Suzuki S-Cross 1.4

Boosterjet SZ5

AllGrip

Suzuki S-Cross, 2017, front
Suzuki S-Cross, 2017, side
Suzuki S-Cross, 2017, rear
Suzuki S-Cross, 2017, interior
Suzuki S-Cross, 2017, drive mode selector
Suzuki S-Cross, 2017, boot

EVERYdriver eagerly awaits a particular model and in my case it's the Suzuki S-Cross.

It looks like so many other SUVs but the reality is this comes from a company with a pedigree dating back 80 years and is still family owned and has a remarkable reputation in four-wheel-drive engineering.

This has been built on using surprisingly small engines to do big tasks, thanks to intelligent transmissions and sound engineering and it has been doing for a long time what other manufacturers are now getting around to creating.

Towards the top of the Suzuki range you have the S-Cross for country or city dwellers and first introduced as an SUV in 2013. Now there are eight models, with three engines including a diesel, two or four-wheel-drive, manual and automatics in three trim levels.

Suzuki increased its prices in January by a small amount and the S-Cross range begins with the 1.0 Boosterjet SZ4 priced at £17,499.

Last year it was given a new front end, brighter headlights and a higher ground clearance together with a soft-touch interior and seat covers.

The 140ps 1.4-litre four-cylinder engine is the backbone of the range and provides a good power boost over the 1.0-litre tested last year and makes it more suitable to longer distances and carrying more people or loads.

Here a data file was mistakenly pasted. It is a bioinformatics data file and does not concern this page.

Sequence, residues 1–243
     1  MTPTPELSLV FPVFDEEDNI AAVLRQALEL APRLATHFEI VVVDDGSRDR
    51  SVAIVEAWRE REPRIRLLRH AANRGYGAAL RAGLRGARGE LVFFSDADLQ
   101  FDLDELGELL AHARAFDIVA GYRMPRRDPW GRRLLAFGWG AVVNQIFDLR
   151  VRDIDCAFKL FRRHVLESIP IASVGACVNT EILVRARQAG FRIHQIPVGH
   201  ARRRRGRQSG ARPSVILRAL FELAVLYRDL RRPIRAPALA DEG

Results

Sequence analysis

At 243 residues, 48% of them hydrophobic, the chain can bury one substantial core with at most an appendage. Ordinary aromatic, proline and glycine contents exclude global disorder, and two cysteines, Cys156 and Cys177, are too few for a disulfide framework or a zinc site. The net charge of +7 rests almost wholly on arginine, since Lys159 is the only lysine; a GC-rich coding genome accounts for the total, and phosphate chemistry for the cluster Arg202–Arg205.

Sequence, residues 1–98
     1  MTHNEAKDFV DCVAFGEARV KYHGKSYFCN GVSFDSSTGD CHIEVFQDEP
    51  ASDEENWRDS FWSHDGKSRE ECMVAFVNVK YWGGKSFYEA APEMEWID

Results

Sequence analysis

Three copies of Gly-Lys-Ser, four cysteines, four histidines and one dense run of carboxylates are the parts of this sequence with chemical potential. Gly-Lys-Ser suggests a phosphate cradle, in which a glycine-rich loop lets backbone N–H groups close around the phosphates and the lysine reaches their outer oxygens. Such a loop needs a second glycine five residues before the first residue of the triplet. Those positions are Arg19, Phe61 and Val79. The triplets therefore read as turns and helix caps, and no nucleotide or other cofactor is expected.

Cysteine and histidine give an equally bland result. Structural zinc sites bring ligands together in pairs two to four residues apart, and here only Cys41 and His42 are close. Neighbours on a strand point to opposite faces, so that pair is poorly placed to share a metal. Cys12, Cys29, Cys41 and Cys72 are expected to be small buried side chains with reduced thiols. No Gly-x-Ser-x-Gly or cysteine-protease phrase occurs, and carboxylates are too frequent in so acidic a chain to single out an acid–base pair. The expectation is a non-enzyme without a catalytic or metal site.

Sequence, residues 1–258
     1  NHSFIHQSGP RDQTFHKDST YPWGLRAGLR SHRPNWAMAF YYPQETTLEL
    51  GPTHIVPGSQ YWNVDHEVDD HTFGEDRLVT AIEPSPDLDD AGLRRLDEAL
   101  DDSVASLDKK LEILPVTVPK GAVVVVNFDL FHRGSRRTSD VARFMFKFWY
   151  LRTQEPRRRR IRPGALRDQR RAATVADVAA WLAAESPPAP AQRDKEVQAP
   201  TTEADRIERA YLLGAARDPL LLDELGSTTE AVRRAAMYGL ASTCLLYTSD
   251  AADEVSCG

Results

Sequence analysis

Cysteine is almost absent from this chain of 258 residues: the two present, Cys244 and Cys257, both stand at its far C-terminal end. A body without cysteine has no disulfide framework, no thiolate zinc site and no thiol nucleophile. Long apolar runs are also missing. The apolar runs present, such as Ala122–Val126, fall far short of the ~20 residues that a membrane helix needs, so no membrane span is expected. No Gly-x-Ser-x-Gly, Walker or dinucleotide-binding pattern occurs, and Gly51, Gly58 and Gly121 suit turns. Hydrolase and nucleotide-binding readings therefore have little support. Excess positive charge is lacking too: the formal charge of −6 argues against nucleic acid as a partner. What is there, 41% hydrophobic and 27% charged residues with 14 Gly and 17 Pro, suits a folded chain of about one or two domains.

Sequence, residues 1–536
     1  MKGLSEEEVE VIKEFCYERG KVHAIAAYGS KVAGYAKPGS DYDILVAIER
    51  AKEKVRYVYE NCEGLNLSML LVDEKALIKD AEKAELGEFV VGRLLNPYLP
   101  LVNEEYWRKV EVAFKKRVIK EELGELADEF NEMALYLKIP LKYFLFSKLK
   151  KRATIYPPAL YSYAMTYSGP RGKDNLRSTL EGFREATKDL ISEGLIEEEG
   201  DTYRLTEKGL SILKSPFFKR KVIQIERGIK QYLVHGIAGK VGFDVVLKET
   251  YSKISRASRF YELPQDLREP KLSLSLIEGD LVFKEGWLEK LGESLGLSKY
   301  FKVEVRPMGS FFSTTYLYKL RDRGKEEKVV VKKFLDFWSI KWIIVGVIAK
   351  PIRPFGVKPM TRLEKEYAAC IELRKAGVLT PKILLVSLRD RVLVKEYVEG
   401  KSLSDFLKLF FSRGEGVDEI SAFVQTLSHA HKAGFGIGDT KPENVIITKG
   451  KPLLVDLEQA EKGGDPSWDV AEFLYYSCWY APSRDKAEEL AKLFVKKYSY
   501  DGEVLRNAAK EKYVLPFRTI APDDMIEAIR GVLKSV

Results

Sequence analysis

There was good pull from standstill and through the six-gears when accelerating or overtaking and it worked out only very slightly less economical than the smaller sibling which returned 42mpg.

What the 1.4 did achieve was an easier cross-country drive and the six-speed gearbox was ideally matched so I never hunted for a ratio. A rotary switch selects the drive and range modes so you don't have to think too much about the mechanics but get on with the job in hand. It couldn't be simpler.

I think the infotainment screen could be a bit larger for greater clarity but it does a lot of functions and is easy to use as a touchscreen. The familiar speedometer and tachometer are clear, the supplementary instruments easy to understand and there is a good sized multi-function display between them.

Most switches are on the wheel or column and very intuitive, but others are low on the right of the facia.

Straightforward temperature controls were appreciated, as was good oddments room infront and I liked the twin-floor luggage area which can be usefully increased folding down the offset split back seats.

It took five with ease and in comfort, adjustment was very good infront and the seats' shape and support was very pleasing. Reversing camera and parking sensors aid manoeuvering along with the power steering and a good turning circle.

Lights and wipers were good, with low waistline and big windows all round.

On the move it was lively, a bit noisy under load, and with big wheels and tyres the road rumbles were ever present but it handled well and stayed planted on the road.

I liked the footbrake pressure and feedback but the parking brake did struggle to hold it on a steep hill.

FAST FACTS

Suzuki S-Cross 1.4 Boosterjet SZ5 AllGrip

Price:£24,749

Mechanical:140ps, 1,373cc, 4cyl petrol engine driving four wheels via 6-speed manual gearbox

Max Speed:124mph

0-62mph:10.2seconds

Combined MPG:40.8

Insurance Group:24

C02 emissions:127g/km

Bik rating:24%

Warranty:3yrs/60,000 miles

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